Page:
Baboon, a large monkey that inhabits savannahs and rocky hills in Africa and southwestern Arabia. Baboons range in length from 40 to 72 inches (1 to 1.8 m), including a 19- to 27-inch (48- to 69-cm) tail. They weigh up to 90 pounds (41 kg).
The most common species is the hamadryas baboon of northeastern Africa. It has coarse, brown hair that turns ashy gray with age. The males have a thick mane of hair around the neck and shoulders, prominent canine teeth, and an elongated muzzle. The face and rump of all baboons are bare.
Baboons live in groups, called troops, of 30 to 100 individuals; each troop is headed by an adult male. Baboons feed on grass, insects, small mammals and birds, and fish. They are social animals, spending long periods of time grooming one another. When alarmed, baboons run in a galloping gait on all fours.
Females become sexually mature at the age of five; males, at the age of eight. Once a month, when the female goes into heat, her rump changes color from gray to pink. After a gestation period of six months, the female bears one young. The young becomes independent at the age of 18 months, when it is weaned.
Several species of baboons are endangered due to loss of habitat and indiscriminate hunting for their edible flesh.
Baboons make a lot of faces. Sometimes they look as if they are smiling. Sometimes they raise their eyebrows. Or they can even make a face like the one you see here. Whatever face a baboon makes, the face sends information to other baboons.
Baboons are social animals. They live in troops, or large groups. Good communication between troop members is important. It can help prevent fights. And it can keep everybody safe.
When a baboon makes a face, it is trying to communicate a specific message. If a baboon shows off its sharp teeth, it’s telling other baboons, “Be careful or else!” If a baboon grins, it’s telling another baboon, “I’m sorry.”
A baboon troop can have from 10 to 200 members. Most of these members are adult females and their young. Adult males make up the rest of the troop. For such a big group, baboon troops are very well organized. Each member has a certain rank, or position. Several dominant adult males lead the troop. These males are the strongest baboons in the troop. It’s up to them to keep the troop in order.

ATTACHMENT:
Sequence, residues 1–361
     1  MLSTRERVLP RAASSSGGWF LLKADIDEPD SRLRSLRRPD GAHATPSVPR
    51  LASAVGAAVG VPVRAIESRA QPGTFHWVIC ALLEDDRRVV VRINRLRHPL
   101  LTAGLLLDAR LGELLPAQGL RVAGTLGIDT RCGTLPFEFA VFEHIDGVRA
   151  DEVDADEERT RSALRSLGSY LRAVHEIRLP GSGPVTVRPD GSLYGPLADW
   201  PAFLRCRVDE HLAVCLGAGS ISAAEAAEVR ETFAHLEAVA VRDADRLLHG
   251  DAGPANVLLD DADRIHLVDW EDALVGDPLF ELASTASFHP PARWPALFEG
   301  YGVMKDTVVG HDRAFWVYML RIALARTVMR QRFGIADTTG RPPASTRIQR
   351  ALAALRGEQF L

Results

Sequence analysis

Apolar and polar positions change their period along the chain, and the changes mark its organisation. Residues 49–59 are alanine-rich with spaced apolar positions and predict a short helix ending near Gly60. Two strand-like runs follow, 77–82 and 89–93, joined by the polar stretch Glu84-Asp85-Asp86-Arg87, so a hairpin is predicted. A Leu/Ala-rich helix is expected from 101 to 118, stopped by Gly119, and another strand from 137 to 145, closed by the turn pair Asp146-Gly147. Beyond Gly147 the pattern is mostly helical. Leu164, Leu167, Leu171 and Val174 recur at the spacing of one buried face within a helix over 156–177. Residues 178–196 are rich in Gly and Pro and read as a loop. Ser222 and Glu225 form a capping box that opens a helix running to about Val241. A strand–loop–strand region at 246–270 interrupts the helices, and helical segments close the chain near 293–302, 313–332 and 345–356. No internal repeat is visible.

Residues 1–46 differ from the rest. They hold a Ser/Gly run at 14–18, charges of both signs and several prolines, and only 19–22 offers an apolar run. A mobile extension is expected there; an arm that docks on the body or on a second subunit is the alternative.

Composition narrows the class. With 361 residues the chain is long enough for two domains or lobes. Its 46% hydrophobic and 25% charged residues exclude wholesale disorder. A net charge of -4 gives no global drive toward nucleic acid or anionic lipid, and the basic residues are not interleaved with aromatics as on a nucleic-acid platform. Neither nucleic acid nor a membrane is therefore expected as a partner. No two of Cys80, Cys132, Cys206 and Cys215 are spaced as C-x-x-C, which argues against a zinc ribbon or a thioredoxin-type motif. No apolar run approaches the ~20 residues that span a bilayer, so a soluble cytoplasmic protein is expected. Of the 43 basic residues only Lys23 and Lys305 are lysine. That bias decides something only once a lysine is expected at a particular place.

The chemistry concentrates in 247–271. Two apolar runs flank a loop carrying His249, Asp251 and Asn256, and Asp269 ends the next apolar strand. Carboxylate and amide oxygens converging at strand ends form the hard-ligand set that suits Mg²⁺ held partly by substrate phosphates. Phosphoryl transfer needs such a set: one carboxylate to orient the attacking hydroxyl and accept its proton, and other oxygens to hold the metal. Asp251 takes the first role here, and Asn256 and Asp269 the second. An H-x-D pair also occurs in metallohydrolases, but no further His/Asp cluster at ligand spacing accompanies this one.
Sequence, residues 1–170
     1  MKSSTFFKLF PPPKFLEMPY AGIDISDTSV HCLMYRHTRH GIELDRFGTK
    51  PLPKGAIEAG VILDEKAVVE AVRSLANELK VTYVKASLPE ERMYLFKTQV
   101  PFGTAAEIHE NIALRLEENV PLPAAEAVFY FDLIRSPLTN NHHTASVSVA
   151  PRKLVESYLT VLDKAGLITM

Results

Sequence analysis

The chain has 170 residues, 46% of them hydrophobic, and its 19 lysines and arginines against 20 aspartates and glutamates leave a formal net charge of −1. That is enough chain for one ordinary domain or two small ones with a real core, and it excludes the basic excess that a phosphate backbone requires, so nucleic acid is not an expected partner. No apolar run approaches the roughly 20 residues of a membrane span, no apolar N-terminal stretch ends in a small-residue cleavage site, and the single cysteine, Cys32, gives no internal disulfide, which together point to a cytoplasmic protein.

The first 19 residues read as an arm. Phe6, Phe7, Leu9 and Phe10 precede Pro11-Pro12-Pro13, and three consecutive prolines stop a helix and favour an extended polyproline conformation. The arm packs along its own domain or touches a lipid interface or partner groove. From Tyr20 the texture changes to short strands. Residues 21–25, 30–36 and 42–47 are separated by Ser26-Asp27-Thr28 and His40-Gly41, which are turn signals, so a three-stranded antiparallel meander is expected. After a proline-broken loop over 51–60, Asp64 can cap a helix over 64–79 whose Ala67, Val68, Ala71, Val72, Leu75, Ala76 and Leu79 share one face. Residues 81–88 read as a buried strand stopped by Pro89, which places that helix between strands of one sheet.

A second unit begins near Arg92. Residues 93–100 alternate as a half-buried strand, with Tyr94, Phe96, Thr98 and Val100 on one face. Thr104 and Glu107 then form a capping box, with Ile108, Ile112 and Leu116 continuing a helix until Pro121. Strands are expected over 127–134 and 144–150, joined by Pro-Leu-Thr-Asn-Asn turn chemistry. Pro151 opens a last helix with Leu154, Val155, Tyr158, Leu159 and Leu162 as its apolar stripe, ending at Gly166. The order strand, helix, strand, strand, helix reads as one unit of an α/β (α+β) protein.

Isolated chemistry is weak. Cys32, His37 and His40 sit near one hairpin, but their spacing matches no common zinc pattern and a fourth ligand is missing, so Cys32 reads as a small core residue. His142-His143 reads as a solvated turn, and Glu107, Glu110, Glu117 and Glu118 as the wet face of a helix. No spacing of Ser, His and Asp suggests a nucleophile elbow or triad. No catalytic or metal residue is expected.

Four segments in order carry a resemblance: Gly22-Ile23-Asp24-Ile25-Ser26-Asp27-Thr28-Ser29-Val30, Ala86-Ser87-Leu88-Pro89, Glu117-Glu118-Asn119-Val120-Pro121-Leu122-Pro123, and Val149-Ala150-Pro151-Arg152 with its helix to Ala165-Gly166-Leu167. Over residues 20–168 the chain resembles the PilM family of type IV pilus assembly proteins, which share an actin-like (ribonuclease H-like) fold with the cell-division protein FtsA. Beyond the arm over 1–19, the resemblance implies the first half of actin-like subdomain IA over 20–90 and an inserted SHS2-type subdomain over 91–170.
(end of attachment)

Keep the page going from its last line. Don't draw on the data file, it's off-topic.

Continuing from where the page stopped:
The leaders have a lot of responsibilities. They decide where the troop travels, feeds, and sleeps. And they organize the troop’s defense against enemies. It’s not all hard work for the leaders though. They get the first pick of food. And there’s always a fellow troop member ready to groom or clean them.
Like all wild animals, baboons can get very dirty. They also can get animals such as insects, ticks, and mites stuck in their fur. These creatures, called parasites (PAIR uh syts), bite or suck a baboon’s blood. They may even spread diseases. So it’s important for a baboon to get rid of these pests. Luckily, a baboon has help grooming. One baboon helps another groom by carefully picking parasites and dirt out of the other baboon’s fur. Grooming is an important part of baboon life. It helps baboons develop strong relationships with one another. It helps keep their relationships strong, too. Usually, lower-ranking members groom higher-ranking members of a baboon troop.
Every so often, a baboon needs to get a message to the whole troop. But troop members can spread far apart as they search for food. Or, if they are traveling, the baboons may be in a very long line. So what’s a baboon to do? That’s easy. It barks. A baboon’s bark is a very loud call that sounds like “Wahoo!” Baboons use their booming barks to warn each other when there is danger. Scientists believe that certain barks tell other baboons very specific messages. For example, one kind of bark might alert other baboons that a lion is nearby.